WAAT #33: On the Translator’s Note or Introduction


A translator’s introduction or note contextualizes their approach to the book they’ve translated, makes them visible as a co-creator of the work, and is, often, a work of art in itself.

WAAT Post Header
Like this? Share it on.

Long before the idea of even becoming a literary translator professionally had occurred to me, my idea of what exactly being a literary translator meant came from reading the notes or introductions to translated novels. Looking back now, I see how much the good ones were like masterclasses in themselves. If you’re a reader of translated works, you will likely have your own favorites. I’ll share a handful of mine below but let’s talk very briefly about why these matter at all.

New reader? Browse through the free newsletter archives and subscribe.

I’ll stay away, for now, from the debate about whether a translator should have an introduction (thereby placing themselves even before the author) or an afterword. There are different schools of thought on this matter and both have valid points.


Speaking for myself, I love lengthy introductions to novels even when they’re not translations. For example, I love collecting those Oxford’s World Classics editions, where they have an expert, well-known author re-introduce the work to us with new contexts and interpretations. To me, this kind of paratext deepens my enjoyment of the book itself.

And, with translations, such contextualizing matters all the more. For example, with my translation of the Gujarati short story pioneer, Dhumketu, I wanted to introduce not only him to a non-Gujarati readership but also the Gujarati short story form as it had evolved from oral traditions to his time. I ran out of space to talk about my translation approaches with his deeply colloquial Gujarati because this is the first ever English translation of this work and both my publisher and I felt that a proper introduction was necessary. You can read the entire excerpt at Lit Hub.

Some translators like to use that introductory space to discuss their specific translation approaches. This is what Jennifer Croft did recently with the introduction to her translation of Olga Tokarczuk’s The Books of Jacob. You can read that introduction at Lit Hub too. I love, also, how Croft gives a shoutout to other translators there like Chantal Wright, Susan Bernofsky, Chamini Abesiriwardhane Kulathunga, Walter Benjamin, Kate Briggs, and others. So this introduction is, in many ways, an ongoing conversation between Croft and these other translators too.

New to my work? Check out my books and publications.

Language can’t be separated from the people who create and connect with one another through it. I don’t share Benjamin’s faith in a pure language to come. But I do think he’s right that it is syntax that ushers the original work into its “afterlife,” as he calls it.

The words of the text are the embodiment of its past. Its sentences, on the other hand, lead the way into its future, and in so doing, they also pass through the vast, dynamic labyrinth of the translator’s imagination.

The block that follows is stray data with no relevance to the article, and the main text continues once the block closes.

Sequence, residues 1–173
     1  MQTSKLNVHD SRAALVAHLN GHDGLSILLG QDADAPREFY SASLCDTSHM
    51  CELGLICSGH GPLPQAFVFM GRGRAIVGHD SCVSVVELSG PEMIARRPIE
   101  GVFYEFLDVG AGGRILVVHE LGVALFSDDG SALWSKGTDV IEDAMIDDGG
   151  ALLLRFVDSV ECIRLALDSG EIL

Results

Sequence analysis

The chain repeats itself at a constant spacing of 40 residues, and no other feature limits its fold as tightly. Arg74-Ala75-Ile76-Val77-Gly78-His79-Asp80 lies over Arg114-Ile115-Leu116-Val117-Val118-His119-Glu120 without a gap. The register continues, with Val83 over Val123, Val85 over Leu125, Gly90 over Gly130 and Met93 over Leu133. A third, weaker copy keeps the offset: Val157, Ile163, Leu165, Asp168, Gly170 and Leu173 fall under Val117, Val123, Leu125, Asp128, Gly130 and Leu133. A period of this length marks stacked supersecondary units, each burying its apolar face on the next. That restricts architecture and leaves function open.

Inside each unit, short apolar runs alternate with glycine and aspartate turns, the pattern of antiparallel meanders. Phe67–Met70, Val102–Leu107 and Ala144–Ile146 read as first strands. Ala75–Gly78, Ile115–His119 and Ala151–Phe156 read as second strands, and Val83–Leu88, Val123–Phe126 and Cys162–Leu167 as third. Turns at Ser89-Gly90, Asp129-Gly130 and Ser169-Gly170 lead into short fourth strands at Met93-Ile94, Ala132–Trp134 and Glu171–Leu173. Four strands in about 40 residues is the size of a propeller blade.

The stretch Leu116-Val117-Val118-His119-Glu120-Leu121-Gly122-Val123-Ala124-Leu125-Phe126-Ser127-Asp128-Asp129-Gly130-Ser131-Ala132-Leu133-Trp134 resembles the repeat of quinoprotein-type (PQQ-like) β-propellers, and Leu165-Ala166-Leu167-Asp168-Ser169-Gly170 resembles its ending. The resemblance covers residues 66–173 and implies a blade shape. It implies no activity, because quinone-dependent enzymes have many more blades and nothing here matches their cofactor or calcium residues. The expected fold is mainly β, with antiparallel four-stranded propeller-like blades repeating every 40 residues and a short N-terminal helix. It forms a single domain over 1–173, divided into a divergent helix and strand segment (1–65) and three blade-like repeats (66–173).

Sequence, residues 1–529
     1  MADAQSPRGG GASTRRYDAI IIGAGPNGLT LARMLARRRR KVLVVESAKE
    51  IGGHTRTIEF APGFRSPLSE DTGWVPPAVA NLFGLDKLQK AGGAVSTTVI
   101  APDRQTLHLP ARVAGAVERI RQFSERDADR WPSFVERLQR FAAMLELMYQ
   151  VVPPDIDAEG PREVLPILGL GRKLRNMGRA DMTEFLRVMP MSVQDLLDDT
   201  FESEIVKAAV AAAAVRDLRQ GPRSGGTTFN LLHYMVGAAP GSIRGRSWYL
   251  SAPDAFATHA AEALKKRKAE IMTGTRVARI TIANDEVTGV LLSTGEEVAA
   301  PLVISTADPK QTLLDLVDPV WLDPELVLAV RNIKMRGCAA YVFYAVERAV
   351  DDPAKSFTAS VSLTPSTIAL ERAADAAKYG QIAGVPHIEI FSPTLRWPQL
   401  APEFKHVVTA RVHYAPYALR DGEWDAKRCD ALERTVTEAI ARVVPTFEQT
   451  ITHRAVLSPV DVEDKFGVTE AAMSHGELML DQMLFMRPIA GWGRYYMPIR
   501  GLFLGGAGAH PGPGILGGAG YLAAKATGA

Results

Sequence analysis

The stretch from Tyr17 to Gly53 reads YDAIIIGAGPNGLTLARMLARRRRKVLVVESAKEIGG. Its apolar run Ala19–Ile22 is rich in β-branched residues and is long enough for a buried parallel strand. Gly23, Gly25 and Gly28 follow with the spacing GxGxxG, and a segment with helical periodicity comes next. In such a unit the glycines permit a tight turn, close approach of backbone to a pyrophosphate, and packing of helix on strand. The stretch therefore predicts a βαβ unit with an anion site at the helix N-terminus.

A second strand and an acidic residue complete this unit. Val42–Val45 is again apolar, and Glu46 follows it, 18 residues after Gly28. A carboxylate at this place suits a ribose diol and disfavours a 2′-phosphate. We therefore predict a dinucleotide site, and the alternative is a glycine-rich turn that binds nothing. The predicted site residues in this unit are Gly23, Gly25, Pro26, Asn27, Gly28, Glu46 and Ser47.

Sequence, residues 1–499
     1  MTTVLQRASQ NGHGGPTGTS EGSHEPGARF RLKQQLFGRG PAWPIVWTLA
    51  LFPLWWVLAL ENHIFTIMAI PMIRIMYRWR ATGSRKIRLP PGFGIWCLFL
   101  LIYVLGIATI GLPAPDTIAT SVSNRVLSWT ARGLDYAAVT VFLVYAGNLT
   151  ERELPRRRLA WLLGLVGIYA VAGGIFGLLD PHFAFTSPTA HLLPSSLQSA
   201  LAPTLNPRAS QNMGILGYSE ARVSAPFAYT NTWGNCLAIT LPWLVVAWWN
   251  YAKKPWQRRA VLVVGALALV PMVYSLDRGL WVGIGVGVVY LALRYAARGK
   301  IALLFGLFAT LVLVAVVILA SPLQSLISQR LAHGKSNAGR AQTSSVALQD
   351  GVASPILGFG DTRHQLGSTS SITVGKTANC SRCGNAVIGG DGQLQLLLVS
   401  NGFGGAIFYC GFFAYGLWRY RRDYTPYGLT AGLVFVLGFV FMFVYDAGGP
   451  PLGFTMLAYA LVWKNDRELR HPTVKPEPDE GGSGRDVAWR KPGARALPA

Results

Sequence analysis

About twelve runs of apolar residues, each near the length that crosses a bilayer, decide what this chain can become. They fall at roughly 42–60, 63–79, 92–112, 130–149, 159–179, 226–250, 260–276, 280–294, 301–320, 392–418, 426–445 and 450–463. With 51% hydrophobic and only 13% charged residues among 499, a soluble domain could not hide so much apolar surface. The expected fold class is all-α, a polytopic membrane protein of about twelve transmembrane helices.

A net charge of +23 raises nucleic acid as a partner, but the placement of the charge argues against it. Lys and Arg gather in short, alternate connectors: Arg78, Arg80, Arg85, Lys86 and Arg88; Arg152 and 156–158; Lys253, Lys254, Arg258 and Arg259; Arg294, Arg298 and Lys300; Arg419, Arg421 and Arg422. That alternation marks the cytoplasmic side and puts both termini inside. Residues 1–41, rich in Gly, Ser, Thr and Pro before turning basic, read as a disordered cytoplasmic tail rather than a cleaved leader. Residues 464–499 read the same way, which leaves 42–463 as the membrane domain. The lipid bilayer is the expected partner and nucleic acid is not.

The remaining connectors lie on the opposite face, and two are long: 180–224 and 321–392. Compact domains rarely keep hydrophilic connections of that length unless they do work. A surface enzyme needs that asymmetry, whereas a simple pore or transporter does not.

Jennifer Croft, introduction to her translation of Olga Tokarczuk’s The Books of Jacob

Richard Pevear and Larissa Volokhonsky’s introduction to Tolstoy’s War and Peace is a classic in its own right. They talk about translation in general and then their specific approach with this book. Along the way, they give us an entire philosophy on the art and craft of literary translation. This one is a longer excerpt but it’s just their first paragraph. The entire introduction is so good that I often revisit it. In fact, I would love for some publisher to just publish an essay anthology that consists of notes like this one.

It is often said that a good translation is one that “does not feel like a translation,” one that reads “smoothly” in “idiomatic” English. But who determines the standard of the idiomatic, and why should it be applied to something so idiolectic as a great work of literature? Is Melville idiomatic? Is Faulkner? Is Beckett? Those who raise the question of the “idiomatic” in translation do not seem to realize that they are imposing their own, often very narrow, limits on the original. A translator who turns a great original into a patchwork of ready-made “contemporary” phrases, with no regard for its particular tone, rhythm, or character, and claims that that is “how Tolstoy would have written today in English,” betrays both English and Tolstoy. Translation is not the transfer of a detachable “meaning” from one language to another, for the simple reason that in literature there is no meaning detachable from the words that express it. Translation is a dialogue between two languages. It occurs in a space between two languages, and most often between two historical moments. Much of the real value of translation as an art comes from that unique situation. It is not exclusively the language of arrival or the time of the translator and reader that should be privileged. We all know, in the case of War and Peace, that we are reading a nineteenth-century Russian novel. That fact allows the twenty-first century translator a different range of possibilities than may exist for a twenty-first century writer. It allows for the enrichment of the translator’s own language, rather than the imposition of his language on the original.